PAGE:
Occupational exposure to chromium (Cr) and nickel (Ni) compounds may result in adverse health effects. This study aimed to determine hematological changes in blood and hair in electroplating workers. Twenty-three electroplating workers and seven control subjects with no history of occupational exposure to Cr were recruited in Madurai district, South India. Metal levels in erythrocytes were determined by graphite furnace atomic absorption spectrophotometer. Ni was found to accumulate at higher levels than Cr in workers than the control subjects. There was no significant change in blood glucose, serum creatinine, and hemoglobin content in workers compared to the control subjects even after stratification by potential confounding factors, such as age, gender, and smoking status. The findings in this study indicated that there was detectable Cr and Ni exposure in electroplating workers. Low-level occupational Cr and Ni exposure induced higher erythrocyte sedimentation and increased the percentage of eosinophi.
Related Content
Health hazards among workers in plastic industry
Styrene is a basic building block for manufacturing thousands of products throughout the world. The present study aimed to (1) detect the presence of styrene and/or its metabolites in the workers in one of the Egyptian plastic factories; demonstrate some common health effects of styrene exposure ...


Genotoxicity and oxidative stress in chromium-exposed tannery workers in north India
Trivalent chromium (Cr) is an environmental contaminant, which is extensively used in tanning industries throughout the world and causes various forms of health hazards in tannery workers. Therefore, a cross-sectional study design was used to evaluate the DNA damage and oxidative stress condition...
Impact of aluminum exposure on lung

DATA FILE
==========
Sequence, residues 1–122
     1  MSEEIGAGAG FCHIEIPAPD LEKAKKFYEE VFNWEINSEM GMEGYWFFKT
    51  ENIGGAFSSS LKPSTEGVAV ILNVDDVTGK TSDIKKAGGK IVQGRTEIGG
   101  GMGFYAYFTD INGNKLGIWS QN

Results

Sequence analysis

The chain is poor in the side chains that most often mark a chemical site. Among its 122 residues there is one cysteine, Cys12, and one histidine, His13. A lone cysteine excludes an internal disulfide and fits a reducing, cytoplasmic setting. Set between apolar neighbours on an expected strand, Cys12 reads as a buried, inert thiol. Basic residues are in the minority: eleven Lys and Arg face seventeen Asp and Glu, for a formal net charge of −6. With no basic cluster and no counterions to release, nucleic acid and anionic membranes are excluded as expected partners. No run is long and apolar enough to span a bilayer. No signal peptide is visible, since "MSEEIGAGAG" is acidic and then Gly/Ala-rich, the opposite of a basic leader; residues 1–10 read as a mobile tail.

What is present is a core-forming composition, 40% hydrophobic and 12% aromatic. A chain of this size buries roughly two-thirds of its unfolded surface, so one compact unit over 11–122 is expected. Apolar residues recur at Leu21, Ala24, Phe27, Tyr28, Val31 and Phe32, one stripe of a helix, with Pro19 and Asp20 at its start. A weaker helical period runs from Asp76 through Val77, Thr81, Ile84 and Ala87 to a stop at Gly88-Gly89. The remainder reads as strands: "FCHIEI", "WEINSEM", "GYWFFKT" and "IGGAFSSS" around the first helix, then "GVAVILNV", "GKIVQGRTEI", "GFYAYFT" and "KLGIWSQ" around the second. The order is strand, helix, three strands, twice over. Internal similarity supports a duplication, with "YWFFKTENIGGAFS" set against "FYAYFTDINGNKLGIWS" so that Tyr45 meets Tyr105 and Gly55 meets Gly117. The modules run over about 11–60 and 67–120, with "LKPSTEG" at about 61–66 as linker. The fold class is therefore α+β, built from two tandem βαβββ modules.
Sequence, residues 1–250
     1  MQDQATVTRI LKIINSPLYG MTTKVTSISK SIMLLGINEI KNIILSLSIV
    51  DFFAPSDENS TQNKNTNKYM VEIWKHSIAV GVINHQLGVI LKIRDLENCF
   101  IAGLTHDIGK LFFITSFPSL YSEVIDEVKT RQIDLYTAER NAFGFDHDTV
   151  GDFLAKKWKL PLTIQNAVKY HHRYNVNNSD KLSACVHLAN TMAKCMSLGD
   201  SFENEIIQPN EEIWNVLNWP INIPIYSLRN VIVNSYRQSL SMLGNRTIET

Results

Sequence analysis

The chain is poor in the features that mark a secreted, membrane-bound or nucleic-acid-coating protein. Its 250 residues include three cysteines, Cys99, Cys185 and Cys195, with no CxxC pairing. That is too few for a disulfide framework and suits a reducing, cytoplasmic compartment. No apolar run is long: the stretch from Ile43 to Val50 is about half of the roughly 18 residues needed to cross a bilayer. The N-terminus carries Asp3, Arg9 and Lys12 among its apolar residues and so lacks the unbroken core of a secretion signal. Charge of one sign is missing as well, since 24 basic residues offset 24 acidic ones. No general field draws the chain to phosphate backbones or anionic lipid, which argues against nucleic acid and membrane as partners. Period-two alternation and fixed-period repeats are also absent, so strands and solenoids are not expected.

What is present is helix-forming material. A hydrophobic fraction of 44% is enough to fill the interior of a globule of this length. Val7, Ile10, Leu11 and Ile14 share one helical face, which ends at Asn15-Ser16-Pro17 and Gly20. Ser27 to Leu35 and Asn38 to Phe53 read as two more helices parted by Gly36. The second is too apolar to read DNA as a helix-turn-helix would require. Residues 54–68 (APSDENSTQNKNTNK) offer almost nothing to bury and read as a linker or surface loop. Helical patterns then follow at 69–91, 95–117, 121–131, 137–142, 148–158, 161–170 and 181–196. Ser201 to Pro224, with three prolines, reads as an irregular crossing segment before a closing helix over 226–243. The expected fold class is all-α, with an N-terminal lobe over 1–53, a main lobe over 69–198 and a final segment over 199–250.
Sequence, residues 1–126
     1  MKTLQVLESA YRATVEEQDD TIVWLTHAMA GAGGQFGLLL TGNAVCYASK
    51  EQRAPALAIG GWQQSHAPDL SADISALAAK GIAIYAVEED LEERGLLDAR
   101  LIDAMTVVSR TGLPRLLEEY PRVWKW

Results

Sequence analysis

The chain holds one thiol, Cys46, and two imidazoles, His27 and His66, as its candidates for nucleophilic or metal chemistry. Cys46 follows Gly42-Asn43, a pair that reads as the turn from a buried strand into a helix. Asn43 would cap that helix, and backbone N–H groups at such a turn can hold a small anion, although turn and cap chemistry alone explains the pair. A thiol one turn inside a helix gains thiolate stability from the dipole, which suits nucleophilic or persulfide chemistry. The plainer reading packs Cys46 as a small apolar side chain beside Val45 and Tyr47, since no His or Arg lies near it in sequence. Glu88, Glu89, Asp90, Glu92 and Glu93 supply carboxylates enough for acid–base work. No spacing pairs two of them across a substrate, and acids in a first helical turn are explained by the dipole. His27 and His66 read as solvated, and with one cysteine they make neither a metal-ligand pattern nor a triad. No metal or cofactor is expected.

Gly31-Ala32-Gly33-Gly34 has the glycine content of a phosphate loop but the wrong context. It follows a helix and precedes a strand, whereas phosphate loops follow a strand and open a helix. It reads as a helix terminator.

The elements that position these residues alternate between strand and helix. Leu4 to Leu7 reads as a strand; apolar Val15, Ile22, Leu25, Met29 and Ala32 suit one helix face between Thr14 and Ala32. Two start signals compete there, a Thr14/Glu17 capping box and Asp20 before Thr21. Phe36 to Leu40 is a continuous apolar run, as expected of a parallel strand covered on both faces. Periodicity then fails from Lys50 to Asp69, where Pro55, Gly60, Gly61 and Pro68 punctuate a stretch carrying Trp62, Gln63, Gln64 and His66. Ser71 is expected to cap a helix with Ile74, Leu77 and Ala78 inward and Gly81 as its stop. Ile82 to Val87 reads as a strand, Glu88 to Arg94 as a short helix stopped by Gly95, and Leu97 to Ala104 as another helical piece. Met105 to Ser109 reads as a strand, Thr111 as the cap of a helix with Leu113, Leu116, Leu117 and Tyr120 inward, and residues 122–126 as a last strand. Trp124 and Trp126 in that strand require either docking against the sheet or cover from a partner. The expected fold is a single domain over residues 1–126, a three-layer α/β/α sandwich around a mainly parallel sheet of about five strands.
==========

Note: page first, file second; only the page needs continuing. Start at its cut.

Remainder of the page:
Aluminum (Al) metal is considered one of the most benign industrial metals. Although the harmful effects of Al on respiratory health have been denied by some studies, others reported its noxious effect on the lung through spirometric measurements. This work aimed at studying the effect of Al fume...


Municipal landfill leachate induces hepatotoxicity and oxidative stress in rats
Human beings are more often exposed to complex mixtures of hazardous chemicals than single toxicant. The present study investigated the effects of Olushosun municipal landfill leachate (OMLL) from Ojota in Lagos State of Nigeria on hepatic function and some biomarkers of oxidative stress in adult...
Hematological effects of benzene exposure with emphasis on muconic acid as biomarker in exposed workers
Human exposure to benzene in work environment is a global occupational health problem. It is established that benzene requires to be metabolized to induce its effects. Benzene has been associated with various hematotoxins and carcinogens. The aim of this study was to investigate the effect of ben...

How to measure hazards/risks following exposures to nanoscale or pigment-grade titanium dioxide particles
Due to its multifunctional applications, titanium dioxide particles have widespread use in commerce. The particle-types function as sources of pigment color, in food products, anti-bacterial components, ultraviolet radiation scavengers, catalysts, as well as in cosmetics. Because of its inherent ...
Lung tumor promotion by chromium-containing welding particulate matter in a mouse model
Epidemiology suggests that occupational exposure to welding particulate matter (PM) may increase lung cancer risk. However, animal studies are lacking to conclusively link welding with an increased risk. PM derived from stainless steel (SS) welding contains carcinogenic metals such as hexavalent ...

Engineered nanomaterials: exposures, hazards, and risk prevention
Nanotechnology presents the possibility of revolutionizing many aspects of our lives. People in many settings (academic, small and large industrial, and the general public in industrialized nations) are either developing or using engineered nanomaterials (ENMs) or ENM-containing products. However...
Occupational genotoxicity among copper smelters
Occupational exposure in a copper smelting industry may produce various adverse health effects including cancer. Despite a number of well-documented studies reporting an increased risk of cancer among copper smelter workers, the data on genotoxic effects in this industry are scarce. In view of th...

Occupational lead exposure among automotive garage workers – a case study for Jimma town, Ethiopia
In Ethiopia, although there are numerous small-scale and medium industries which use lead-based raw materials that may pose health risks to workers, there are no workplace regulations for lead exposure. Moreover, there are no studies carried out on the blood lead levels (BLLs) of workers or on th...